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29 January 2007
Action taken to save graffiti on Maltese megaliths

Heritage Malta has moved two unique megaliths at Tarxien Temples in a bid to save what could possibly be the oldest representations of sea-faring vessels ever found. The initiatives forms part of a conservation project on Tarxien Temples funded by Bank of Valletta.
     Other megaliths decorated with relief carvings depicting spirals, animals and other designs were moved to the National Museum of Archaeology in the 1950s. The megaliths bearing graffiti of ships were left on site as they appeared to be in a good state of preservation. However, continuous exposure to fluctuating temperatures, wind, rainfall and rising damp were leading to the rapid deterioration of these megaliths, therefore threatening the preservation of the graffiti.
     Extensive studies were carried out by the Scientific Committee for the Conservation of the Megalithic Temples, set up by the Tourism and Culture Ministry in 2004. Following these studies, the committee recommended that the so-called ship graffiti megaliths be moved indoors. The megaliths were first treated by Heritage Malta conservators so that no more material is lost from their surfaces. An excavation close to the megaliths was also carried out by the Superintendence of Cultural Heritage. This excavation enabled a study of the megaliths’ foundations and contributed to the design of the method that was to be used for their transportation.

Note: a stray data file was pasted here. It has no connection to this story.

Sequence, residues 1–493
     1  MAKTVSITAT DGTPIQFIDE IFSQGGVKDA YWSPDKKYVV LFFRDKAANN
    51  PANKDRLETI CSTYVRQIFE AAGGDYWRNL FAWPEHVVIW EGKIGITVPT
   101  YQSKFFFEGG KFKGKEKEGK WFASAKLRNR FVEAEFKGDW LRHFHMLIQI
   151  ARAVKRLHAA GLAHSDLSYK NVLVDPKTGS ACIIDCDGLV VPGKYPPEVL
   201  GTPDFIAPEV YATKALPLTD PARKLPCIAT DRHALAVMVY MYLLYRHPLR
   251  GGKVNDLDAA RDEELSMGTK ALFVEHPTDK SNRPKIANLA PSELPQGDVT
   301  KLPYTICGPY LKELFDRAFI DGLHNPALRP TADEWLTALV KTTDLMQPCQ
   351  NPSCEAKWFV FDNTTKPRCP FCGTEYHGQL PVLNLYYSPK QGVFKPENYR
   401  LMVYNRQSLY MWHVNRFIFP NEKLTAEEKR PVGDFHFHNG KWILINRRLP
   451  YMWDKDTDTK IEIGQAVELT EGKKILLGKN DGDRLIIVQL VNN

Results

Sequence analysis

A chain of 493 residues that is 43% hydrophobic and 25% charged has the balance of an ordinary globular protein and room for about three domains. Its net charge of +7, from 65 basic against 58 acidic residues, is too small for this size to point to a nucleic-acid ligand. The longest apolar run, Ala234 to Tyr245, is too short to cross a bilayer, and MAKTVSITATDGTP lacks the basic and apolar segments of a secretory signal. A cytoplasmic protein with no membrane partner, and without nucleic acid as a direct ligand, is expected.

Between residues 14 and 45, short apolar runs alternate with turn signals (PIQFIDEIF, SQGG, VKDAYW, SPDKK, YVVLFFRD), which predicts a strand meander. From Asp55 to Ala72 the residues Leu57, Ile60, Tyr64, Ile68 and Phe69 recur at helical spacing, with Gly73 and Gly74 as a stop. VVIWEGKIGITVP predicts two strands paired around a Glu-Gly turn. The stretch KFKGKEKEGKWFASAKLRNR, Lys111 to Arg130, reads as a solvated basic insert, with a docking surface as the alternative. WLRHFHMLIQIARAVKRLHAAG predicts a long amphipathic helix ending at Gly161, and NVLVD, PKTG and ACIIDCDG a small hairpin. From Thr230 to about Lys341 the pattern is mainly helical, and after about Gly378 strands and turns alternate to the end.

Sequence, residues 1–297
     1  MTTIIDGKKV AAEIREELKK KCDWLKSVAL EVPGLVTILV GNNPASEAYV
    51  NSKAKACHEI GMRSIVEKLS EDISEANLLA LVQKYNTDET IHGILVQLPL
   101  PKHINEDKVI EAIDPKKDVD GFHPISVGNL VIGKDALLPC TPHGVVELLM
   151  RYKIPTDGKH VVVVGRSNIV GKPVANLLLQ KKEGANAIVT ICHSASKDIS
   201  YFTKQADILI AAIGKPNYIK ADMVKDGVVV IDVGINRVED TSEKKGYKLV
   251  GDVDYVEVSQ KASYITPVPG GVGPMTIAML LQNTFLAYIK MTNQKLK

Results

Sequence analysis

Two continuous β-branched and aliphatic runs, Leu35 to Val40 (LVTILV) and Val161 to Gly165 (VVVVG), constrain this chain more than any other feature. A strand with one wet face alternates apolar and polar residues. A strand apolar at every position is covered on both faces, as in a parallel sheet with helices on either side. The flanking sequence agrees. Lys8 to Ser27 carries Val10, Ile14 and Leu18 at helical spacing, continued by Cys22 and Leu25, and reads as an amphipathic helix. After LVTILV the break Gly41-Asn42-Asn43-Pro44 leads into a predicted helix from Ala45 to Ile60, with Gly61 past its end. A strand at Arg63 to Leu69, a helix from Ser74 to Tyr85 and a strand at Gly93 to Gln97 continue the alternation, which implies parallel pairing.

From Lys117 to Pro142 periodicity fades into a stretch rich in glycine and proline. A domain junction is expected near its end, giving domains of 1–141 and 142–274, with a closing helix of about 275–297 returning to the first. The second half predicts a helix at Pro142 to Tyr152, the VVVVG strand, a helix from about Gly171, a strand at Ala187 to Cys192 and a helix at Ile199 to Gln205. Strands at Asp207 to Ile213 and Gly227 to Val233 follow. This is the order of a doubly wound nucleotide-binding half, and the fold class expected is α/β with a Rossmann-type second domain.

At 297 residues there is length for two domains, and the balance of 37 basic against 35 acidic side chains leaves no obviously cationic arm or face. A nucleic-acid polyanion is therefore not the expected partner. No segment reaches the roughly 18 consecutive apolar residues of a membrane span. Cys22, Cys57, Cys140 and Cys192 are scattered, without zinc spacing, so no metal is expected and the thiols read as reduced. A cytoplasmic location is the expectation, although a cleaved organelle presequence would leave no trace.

The transfer of the megaliths involved a delicate operation that involved both conservation and safety issues. Conservators and other professionals from Heritage Malta oversaw the complete assignment. Heritage Malta conservators will now be able to carry out additional interventions on the megaliths to ensure their preservation.
     The ship graffiti megaliths have been placed within the existing visitors’ building at the Tarxien Temples where they can be viewed by visitors. The megaliths will eventually be displayed within the new Visitor Centre, which will be built close to the site as part of the BOV Tarxien Temples Project.

Source: The Malta Independent (29 January 2006)

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